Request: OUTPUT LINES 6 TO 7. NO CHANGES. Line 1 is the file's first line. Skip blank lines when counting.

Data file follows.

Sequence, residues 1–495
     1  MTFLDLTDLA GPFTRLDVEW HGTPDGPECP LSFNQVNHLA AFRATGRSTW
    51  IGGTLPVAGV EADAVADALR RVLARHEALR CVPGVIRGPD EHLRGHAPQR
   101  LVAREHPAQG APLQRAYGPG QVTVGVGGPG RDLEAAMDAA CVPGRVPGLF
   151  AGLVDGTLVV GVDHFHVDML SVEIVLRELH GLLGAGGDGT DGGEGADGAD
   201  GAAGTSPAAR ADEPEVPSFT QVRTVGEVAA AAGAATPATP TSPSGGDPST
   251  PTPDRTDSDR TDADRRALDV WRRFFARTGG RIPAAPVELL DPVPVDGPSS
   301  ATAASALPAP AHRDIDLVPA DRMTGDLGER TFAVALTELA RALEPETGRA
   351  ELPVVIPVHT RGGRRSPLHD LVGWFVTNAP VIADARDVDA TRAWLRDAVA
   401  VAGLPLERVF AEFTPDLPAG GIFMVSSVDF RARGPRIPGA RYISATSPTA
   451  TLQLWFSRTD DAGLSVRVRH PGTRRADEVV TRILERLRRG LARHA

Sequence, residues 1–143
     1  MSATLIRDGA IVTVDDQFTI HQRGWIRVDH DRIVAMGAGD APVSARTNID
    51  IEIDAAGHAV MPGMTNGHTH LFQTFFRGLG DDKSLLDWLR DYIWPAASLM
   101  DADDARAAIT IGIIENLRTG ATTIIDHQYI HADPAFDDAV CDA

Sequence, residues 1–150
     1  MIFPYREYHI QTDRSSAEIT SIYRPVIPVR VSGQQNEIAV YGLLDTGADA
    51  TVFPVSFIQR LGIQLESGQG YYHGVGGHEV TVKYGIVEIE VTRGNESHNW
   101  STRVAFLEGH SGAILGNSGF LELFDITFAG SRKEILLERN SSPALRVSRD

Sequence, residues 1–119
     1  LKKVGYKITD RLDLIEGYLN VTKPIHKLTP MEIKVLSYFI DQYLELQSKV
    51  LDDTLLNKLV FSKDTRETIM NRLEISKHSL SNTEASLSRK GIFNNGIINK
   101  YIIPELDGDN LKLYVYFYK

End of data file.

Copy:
   201  GAAGTSPAAR ADEPEVPSFT QVRTVGEVAA AAGAATPATP TSPSGGDPST
   251  PTPDRTDSDR TDADRRALDV WRRFFARTGG RIPAAPVELL DPVPVDGPSS